Thinking about retirement might seem a little premature in light of the fact that you haven’t even started working yet, but it’s never too early to start saving. In fact, the decisions you make and the habits you form in the next few years will likely determine whether or not you’ll be able to afford to retire at all.
You didn’t ask for a financial seminar, so I will give you all the financial advice you need to get started in just three sentences. 1) Start saving early. 2) Pay yourself first by having your savings automatically deducted from your paycheck. 3) Start small if necessary, but work toward saving at least 10 percent of your pay.
Do those things and you’ll be well on your way to financial independence. It won’t be easy, but if your college years have taught you anything, it is how to stretch small amounts of money to cover every conceivable expense.
I have just one word of warning when it comes to saving. Delayed gratification is a double-edged sword. It’s great if it’s allowing you to work toward something like saving for retirement or that trip you’ve always wanted to take. You’re giving up something good now in order to get something better later.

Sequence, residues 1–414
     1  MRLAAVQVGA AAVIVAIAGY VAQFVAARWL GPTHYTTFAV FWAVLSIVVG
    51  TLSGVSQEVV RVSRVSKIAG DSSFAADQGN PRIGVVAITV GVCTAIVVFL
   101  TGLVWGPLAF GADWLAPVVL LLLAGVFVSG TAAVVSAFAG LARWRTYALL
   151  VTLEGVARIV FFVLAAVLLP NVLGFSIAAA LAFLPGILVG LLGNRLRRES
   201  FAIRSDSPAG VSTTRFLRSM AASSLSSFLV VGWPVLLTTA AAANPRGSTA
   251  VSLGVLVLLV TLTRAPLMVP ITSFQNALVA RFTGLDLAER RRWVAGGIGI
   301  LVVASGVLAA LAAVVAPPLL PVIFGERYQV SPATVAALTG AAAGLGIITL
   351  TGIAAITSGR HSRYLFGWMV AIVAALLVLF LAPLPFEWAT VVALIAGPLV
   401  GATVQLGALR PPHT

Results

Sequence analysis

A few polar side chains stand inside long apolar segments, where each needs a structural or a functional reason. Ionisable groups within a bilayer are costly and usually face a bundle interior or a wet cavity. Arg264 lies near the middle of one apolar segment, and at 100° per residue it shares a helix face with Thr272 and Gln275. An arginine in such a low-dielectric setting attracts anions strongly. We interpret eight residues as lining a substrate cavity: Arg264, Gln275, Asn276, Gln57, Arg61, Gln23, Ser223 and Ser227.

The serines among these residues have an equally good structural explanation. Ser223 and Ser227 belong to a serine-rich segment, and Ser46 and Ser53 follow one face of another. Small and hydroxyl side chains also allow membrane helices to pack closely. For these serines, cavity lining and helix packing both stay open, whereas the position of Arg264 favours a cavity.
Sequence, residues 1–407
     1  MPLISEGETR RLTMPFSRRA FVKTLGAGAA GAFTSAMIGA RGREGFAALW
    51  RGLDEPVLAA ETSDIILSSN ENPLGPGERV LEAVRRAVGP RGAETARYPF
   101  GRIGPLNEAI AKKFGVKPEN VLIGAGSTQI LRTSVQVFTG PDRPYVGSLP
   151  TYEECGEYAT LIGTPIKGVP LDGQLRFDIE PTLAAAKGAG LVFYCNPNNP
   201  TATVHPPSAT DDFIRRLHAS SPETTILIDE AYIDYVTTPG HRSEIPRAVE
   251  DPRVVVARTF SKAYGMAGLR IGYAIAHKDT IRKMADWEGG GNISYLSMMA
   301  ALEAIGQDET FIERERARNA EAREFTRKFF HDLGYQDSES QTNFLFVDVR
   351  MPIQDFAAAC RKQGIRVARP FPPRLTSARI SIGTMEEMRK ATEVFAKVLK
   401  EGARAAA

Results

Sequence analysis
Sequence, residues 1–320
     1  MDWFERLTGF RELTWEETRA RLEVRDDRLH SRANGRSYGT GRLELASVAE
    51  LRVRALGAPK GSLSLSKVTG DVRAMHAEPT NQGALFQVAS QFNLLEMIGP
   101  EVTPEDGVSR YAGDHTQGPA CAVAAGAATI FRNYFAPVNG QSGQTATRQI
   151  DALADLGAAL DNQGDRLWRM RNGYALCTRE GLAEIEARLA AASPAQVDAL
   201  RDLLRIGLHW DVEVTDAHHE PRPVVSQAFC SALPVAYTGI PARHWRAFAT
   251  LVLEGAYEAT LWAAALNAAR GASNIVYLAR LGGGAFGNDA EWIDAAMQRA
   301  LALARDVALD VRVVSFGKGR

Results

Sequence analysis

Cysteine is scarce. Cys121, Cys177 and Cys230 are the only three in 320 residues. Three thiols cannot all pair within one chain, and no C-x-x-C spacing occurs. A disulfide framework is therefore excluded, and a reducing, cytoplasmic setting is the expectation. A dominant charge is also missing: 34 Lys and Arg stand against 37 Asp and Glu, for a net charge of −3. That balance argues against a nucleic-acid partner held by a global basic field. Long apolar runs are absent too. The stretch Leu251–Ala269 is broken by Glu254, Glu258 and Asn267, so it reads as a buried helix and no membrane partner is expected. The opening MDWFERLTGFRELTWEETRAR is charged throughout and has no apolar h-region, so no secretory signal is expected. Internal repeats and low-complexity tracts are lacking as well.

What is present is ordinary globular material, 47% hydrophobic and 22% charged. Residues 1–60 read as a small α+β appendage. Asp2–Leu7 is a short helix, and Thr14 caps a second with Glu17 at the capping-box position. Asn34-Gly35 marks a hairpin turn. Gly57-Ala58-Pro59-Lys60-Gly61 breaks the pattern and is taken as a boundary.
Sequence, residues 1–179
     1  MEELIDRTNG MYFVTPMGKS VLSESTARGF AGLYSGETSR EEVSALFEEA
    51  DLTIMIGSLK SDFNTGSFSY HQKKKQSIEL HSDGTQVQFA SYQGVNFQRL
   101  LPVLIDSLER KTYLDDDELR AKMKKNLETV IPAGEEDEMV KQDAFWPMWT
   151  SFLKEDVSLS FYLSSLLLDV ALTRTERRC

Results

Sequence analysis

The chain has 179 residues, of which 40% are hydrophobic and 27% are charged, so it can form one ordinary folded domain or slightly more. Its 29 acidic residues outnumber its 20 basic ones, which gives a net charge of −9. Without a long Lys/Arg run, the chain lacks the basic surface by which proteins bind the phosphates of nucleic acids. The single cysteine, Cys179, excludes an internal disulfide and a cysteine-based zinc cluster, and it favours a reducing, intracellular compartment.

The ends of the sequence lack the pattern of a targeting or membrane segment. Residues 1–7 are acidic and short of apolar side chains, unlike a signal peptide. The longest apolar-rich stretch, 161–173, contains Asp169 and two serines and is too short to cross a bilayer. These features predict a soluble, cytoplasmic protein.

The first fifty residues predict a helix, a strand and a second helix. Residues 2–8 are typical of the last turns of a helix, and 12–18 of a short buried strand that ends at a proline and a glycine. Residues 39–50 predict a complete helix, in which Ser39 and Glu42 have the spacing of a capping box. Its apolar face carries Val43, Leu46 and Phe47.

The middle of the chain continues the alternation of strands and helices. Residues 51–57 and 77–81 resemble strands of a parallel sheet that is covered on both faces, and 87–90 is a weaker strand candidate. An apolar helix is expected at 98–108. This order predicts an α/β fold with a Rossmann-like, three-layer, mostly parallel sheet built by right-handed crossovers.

Where delayed gratification becomes a problem is when it is used as an excuse for life avoidance. Rather than allowing you to work toward something, it is keeping you from something. Rather than deciding what you really want out of life or pursuing big goals, you tell yourself you need a little more time or a little more money. “I’ll do that in retirement. Someday.”
Here’s the thing. The longer you wait, the less you believe yourself when you say “Someday.” Your dreams begin to atrophy. Your opportunities begin to vanish. You aim lower. You talk yourself out of things. Before you know it, it’s too late.
So by all means, save and plan for the future, but don’t go through life constantly deferring your dreams. Don’t just save the best for last. Find a balance between “now” and “someday” and you’ll have a full and meaningful life.
Well, I’ve gone on long enough. It’s time for you to embark on your new life. I wish you all the best. Go do something remarkable.
Joe Hearn is an Omaha financial planner. He can be reached at 402-331-8600 or firstname.lastname@example.org.